Ken

Wed 1st – Mon 27th August 2018

reviews

Emilia Andrews

at 09:58 on 13th Aug 2018

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“Ken? Ken Who?” was the first thing that I asked myself when reading the title of this play. The ambiguous title alone is enough to inspire curiosity, to draw an audience in. And so it did – the venue was full, mainly with a middle-aged demographic who were perhaps more likely to know more about Ken, while I sat eagerly waiting to discover who Ken was.

‘Ken’, it transpires, refers to the director Ken Campbell, who this well-narrated play is all about. Writer Terry Johnson does a brilliant job of narrating with an exceptionally well written script. The performance tells the story of Ken (played by Jeremy Stockwell) and his growing friendship with a young playwright (played by Terry Johnson).

Stockwell does an extraordinary job of emulating Ken’s eccentric and vibrant character as he bounces around the room, keeping the audience’s heads turning at all times. While Johnson remains primarily behind his podium on the stage, Stockwell makes the entire room his stage. Being in that little space reminded me of the experience of reading a book; I felt more like I was inside of the story than like I was simply being told one.

There is a real sense of admiration for Ken in the way Johnson speaks of him. This adds to the immersive quality of the play and made me feel that I knew a lot more about Ken and his impact on the world of theatre than I knew when I arrived. Whilst funny at times, the play is also emotive and I found myself tearing up a little as Johnson recounts Ken’s funeral, accompanied by the serene sound of birds tweeting.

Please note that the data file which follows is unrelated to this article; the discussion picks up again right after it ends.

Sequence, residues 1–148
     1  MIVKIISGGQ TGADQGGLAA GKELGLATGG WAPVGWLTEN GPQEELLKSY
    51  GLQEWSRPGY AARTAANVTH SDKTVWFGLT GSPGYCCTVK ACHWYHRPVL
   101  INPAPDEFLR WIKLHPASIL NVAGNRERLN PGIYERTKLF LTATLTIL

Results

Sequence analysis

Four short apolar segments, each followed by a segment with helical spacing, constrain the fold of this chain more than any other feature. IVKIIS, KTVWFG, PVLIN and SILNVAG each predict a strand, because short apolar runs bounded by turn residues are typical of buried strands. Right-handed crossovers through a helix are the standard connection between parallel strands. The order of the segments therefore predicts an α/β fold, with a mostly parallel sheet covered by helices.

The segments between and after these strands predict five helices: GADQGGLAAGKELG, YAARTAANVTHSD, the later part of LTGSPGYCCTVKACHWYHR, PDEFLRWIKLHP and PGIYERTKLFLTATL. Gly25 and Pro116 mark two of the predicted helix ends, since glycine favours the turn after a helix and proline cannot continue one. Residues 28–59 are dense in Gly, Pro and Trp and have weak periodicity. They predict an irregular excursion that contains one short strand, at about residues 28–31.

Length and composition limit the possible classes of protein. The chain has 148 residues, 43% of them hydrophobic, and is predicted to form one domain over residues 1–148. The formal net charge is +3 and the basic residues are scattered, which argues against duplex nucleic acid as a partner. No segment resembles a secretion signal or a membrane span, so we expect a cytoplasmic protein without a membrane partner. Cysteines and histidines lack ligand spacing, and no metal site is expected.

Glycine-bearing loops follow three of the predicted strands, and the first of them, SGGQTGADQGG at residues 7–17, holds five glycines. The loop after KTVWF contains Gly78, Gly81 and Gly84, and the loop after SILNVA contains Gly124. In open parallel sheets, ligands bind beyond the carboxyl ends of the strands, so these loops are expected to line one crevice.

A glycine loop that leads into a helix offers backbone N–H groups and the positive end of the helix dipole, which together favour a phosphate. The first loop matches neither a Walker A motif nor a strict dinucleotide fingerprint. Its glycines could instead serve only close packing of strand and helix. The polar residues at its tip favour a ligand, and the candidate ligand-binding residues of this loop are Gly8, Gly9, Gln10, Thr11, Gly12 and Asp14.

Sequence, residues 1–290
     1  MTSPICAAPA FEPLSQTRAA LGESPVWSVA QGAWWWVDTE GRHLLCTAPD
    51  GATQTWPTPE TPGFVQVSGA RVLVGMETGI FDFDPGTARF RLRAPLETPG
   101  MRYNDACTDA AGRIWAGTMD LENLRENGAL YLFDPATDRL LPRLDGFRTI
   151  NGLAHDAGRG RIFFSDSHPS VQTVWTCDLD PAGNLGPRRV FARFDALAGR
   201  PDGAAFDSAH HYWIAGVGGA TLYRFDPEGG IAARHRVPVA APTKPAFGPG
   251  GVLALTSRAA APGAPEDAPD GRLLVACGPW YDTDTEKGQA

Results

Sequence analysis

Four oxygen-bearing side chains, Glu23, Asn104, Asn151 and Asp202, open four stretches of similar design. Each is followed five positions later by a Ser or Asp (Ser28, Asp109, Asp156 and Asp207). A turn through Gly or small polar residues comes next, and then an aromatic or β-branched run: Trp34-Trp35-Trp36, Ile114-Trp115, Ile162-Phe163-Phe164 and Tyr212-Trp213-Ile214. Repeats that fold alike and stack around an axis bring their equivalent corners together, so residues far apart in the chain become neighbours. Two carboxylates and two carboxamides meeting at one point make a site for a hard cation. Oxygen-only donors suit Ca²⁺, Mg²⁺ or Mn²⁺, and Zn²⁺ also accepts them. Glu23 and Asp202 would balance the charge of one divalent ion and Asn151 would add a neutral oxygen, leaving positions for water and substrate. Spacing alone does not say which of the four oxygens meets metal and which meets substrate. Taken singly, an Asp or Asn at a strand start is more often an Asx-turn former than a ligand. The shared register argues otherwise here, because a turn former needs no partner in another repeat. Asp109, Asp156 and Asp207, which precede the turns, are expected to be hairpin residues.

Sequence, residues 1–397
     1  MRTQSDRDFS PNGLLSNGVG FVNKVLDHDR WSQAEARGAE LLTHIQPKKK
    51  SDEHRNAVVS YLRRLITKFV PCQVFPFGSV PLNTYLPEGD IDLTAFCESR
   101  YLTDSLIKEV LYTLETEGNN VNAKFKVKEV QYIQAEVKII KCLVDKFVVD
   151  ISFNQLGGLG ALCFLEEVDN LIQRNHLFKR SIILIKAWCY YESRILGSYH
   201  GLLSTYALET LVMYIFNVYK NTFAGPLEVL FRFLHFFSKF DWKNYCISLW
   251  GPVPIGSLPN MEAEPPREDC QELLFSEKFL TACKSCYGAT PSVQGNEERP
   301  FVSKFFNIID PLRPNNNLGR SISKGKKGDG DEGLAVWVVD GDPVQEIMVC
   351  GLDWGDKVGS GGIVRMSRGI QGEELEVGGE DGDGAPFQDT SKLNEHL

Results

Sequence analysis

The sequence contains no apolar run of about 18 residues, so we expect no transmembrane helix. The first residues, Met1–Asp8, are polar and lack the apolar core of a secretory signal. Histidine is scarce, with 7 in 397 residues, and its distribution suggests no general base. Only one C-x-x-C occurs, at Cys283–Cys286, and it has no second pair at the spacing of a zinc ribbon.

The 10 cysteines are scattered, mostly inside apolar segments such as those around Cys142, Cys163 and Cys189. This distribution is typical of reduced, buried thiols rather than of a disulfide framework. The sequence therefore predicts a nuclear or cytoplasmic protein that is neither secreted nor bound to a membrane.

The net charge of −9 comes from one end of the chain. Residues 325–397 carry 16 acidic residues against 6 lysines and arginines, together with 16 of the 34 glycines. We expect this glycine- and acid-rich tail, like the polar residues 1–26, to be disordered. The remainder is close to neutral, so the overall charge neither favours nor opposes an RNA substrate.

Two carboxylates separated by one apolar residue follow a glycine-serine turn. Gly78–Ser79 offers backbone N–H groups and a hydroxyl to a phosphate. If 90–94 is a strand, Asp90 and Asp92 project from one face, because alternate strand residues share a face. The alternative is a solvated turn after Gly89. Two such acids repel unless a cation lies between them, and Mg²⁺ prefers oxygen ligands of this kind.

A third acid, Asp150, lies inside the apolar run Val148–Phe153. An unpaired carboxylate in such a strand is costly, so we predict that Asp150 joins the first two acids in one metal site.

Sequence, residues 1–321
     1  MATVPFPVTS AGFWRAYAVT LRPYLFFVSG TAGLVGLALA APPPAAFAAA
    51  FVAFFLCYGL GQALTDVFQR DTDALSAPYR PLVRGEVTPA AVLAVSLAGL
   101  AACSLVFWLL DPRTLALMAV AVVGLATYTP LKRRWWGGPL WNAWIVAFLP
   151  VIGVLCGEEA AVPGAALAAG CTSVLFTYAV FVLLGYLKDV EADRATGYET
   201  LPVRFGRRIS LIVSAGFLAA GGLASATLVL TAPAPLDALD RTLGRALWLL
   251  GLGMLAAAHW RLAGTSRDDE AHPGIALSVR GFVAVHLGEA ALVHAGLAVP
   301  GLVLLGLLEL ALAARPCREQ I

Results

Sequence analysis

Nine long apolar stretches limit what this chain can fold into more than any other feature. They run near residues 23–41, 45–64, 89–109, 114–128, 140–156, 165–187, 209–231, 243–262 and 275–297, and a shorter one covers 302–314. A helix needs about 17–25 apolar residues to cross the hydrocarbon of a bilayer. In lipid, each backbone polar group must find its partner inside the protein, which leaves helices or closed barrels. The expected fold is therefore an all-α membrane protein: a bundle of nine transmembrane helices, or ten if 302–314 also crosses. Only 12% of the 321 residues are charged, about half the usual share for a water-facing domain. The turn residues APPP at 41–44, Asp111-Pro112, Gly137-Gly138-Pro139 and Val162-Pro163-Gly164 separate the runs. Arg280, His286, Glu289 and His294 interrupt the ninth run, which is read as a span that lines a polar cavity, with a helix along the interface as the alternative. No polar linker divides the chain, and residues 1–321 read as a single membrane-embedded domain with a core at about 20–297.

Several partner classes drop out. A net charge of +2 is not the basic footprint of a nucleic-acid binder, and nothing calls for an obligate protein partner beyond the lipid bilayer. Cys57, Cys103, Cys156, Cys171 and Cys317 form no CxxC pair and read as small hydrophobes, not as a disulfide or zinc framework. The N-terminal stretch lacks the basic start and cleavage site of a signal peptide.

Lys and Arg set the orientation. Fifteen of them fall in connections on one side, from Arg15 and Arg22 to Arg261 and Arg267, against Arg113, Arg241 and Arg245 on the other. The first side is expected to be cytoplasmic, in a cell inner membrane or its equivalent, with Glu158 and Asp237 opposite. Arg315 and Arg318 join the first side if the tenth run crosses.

One drawback of the performance is that it does begin to drag. There are a number points where the play could end poignantly but instead continues, which left me shuffling on my chair wondering when would be the right time to poise my hands for an applause. Although, this is comically picked up on by Stockwell who, as the now-dead Ken, comments that it’s time for the end, grabs his suitcase and walks off.

Rather than having an interval, the performance is split by a gag involving knicker elastic and a brick. This did seem a bit jarring and was the only moment which really detracted from the engrossing nature of the performance. However, Stockwell appeared to not break character at this point and seemed equally as eccentric here, as he pushed past an audience member who he told to “fuck off out the way!”

The brilliant job which Stockwell and Johnson do of bringing Ken to life in the room left me feeling curious, with a desire to go home and read up more about Ken, a man so clearly well-loved and respected. So whether you know anything about Ken Campbell or not, this play is one from which you are sure to feel that you’ve learned something new.

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Charlie Norton

at 13:03 on 13th Aug 2018